Can’t Make This Up: Conservatives Now Say They Hate Spock After Obama Praises Character

Star Trek Bones & Spock facepalm
Can’t Make This Up: Conservatives Now Say They Hate Spock After Obama Praises Character
Author: Jameson Parker

There is a popular belief among liberals that conservatives would stop breathing if President Obama came out in favor of air, and that may not be too far off.

After the tragic passing of Leonard Nimoy, the actor who had defined the role of one of pop culture’s most iconic science fiction characters, Star Trek’s Mr. Spock, there was universal praise of both actor and character from across the world. The remembrance was largely apolitical, with people on every part of the political spectrum paying respect. Some Republicans (erroneously) even tried to claim Spock and Nimoy as a conservative.

Then suddenly, everything shifted. Today, the group is disavowing Spock and arguing instead that he was an “appeasing arrogant jerk.” What happened? You can probably guess.

President Obama had marked the passing of Leonard Nimoy with a moving statement released by the White House:

“Long before being nerdy was cool, there was Leonard Nimoy.  Leonard was a lifelong lover of the arts and humanities, a supporter of the sciences, generous with his talent and his time.  And of course, Leonard was Spock.  Cool, logical, big-eared and level-headed, the center of Star Trek’s optimistic, inclusive vision of humanity’s future.

I loved Spock.”

Loved?! As if on cue, conservatives have lined up to re-remember Spock as basically a pointy-eared version of what they believe Obama to be. Matthew Continetti, a writer for the conservative paper The Washington Free Beacon, summed up the sentiments with an astoundingly sad article titled “I Don’t Love Spock.

“I am also a Star Trek fan, but I admit I was somewhat confused by my rather apathetic reaction to Nimoy’s death. And as I thought more about the president’s statement, I realized he identifies with the very aspects of the Spock character that most annoy me. I don’t love Spock at all.”

Mistaking his own apathy towards the death of a fellow person as a sign that he was “on to something,” Continetti details the various ways Spock – a half-Vulcan living and working in deep space in the 24th century – is too liberal to ever be loved by conservatives. Let’s just say his examples are, to borrow a phrase, highly illogical.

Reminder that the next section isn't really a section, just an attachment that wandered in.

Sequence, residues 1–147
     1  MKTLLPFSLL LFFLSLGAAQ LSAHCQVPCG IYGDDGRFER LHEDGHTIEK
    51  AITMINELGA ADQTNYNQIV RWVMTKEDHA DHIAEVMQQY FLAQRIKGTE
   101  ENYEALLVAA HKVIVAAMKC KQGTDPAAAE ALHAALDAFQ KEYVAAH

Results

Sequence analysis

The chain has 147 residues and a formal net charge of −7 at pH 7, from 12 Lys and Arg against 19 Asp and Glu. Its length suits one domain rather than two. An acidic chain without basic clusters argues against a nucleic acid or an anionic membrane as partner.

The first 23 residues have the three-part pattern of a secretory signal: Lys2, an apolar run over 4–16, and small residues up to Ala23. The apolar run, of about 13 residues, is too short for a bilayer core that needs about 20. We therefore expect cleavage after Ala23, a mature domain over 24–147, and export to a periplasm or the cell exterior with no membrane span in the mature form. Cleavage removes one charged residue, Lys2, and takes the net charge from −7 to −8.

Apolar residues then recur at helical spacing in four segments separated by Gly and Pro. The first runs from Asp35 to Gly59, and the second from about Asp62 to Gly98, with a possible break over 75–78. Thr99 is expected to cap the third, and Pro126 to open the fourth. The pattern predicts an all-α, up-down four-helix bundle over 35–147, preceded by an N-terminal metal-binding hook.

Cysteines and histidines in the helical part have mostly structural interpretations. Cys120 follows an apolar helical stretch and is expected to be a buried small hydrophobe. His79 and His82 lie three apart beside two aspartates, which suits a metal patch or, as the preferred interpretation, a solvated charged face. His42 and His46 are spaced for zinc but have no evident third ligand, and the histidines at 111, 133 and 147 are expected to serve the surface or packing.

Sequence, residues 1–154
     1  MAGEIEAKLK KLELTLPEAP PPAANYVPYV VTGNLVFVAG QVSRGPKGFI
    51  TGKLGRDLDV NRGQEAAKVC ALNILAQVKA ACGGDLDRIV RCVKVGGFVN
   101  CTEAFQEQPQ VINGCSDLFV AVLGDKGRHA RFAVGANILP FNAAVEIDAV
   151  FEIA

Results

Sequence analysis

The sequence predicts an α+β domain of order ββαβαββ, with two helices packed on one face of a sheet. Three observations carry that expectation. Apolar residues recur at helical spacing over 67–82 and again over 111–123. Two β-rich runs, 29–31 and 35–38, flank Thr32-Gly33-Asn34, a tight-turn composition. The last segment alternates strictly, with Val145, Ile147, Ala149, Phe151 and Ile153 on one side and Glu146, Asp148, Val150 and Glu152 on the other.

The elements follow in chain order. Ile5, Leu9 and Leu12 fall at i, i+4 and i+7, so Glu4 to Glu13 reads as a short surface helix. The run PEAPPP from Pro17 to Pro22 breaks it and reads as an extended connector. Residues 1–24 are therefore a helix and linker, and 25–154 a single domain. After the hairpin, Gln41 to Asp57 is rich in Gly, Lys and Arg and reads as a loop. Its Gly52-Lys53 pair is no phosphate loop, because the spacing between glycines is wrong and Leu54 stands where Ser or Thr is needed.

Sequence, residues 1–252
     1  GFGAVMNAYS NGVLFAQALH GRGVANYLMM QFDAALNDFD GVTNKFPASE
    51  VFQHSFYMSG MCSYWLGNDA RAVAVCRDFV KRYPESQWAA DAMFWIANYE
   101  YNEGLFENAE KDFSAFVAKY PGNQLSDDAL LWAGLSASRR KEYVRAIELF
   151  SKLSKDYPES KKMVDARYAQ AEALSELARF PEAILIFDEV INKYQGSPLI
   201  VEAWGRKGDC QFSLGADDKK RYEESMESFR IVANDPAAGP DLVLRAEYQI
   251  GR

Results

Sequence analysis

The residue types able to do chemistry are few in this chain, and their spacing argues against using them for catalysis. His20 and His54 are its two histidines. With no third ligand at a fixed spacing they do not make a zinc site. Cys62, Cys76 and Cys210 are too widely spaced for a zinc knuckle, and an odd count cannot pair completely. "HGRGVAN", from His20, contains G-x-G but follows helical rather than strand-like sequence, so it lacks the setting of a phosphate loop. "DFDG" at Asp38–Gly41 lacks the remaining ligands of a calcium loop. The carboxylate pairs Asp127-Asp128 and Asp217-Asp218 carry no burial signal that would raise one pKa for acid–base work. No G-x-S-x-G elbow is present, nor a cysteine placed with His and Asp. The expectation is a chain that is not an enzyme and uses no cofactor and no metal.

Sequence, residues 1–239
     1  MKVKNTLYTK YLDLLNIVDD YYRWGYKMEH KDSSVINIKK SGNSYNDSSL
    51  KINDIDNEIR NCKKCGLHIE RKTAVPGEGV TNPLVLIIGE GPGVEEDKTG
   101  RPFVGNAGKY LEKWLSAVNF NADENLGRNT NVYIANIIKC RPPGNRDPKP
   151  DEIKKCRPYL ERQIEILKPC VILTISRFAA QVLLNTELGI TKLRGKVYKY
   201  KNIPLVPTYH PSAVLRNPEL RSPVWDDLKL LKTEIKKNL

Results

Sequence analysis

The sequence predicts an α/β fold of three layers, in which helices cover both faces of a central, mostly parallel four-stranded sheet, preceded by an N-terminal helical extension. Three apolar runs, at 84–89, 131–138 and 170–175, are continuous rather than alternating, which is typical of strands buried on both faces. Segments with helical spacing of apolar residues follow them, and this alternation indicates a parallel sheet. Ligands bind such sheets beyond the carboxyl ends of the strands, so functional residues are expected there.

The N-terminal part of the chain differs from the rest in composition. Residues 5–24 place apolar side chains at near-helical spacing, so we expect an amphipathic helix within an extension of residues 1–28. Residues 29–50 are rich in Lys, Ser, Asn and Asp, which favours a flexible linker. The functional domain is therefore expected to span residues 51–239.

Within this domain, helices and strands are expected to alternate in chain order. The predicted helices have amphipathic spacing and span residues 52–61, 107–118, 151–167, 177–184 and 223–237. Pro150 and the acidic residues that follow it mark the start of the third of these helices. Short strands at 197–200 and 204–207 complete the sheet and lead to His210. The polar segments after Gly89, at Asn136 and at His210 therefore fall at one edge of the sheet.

“Not only do Spock’s peacenik inclinations routinely land the Enterprise and the Federation into trouble, his “logic” and “level head” mask an arrogant emotional basket case. Unlike the superhuman android Data, a loyal officer whose deepest longing is to be human, Spock spends most of his life as a freelancing diplomat eager to negotiate with the worst enemies of Starfleet.”

Negotiating with the enemy may sound like a reasonable way to avoid intergallactic war to you, but to Continetti it marks the very essence of what makes Obama an ineffectual leader. He expects his Star Trek characters to be like Data, a literal robot, who is defined by his loyalty, not by Spock, a man defined by his intelligence. The comparison is clear: Aboard the USS Enterprise, Obama would probably pal around with aliens – illegal or not.

The article continues to ooze with cherry-picked examples of times Spock led the Enterprise crew astray (just like Obama is leading America astray, wink wink nudge nudge).

“If we accept Star Trek (2009) as canon then the “cool” and “level-headed” Spock is responsible for the destruction not only of his home world and the death of 6 billion Vulcans but of the entire Star Trek timeline that audiences have loved for almost 50 years. As usual, evil happens because Spock is too idealistic, too in thrall to a value-neutral conception of science, to consider the unintended consequences of his actions.”

Continetti, having thoroughly described all the ways he feels Spock is the worst, then indicts Obama for liking him. (Presumably, Continetti hates the millions of other people who expressed grief and paid tribute to Nimoy, however they aren’t the ones that Continetti has a burning, all-consuming antipathy towards.)

“And Obama likes this selfish jerk? The coolness the president so appreciates in Spock is a thin veneer over a remarkably arrogant and off-putting detachment from human suffering. Dr. McCoy, played by the charming DeForest Kelley, bitingly exposed this truth about Spock’s nature again and again. Discussing the Genesis Project in Wrath of Khan, for example, Spock lectures McCoy, “Really, Dr. McCoy. You must learn to govern your passions. They will be your undoing. Logic suggests—”

But McCoy won’t hear it—and he’s right. ‘Logic? My God, the man’s talking about logic; we’re taking about universal Armageddon!’”

Strange, when dealing with universal Armageddown, one might hope the people in charge can maintain a cool, logical view of things. Instead, Spock – and by extension, Obama – are criticized for it. For conservatives, the goal is always to go with the gut. It worked so well for George W. Bush.

Continetti concludes:

“It will take America some time to recover from the legacy of our Spock-loving president—though probably not as long as it will take my friends to stop laughing at me for writing this column.”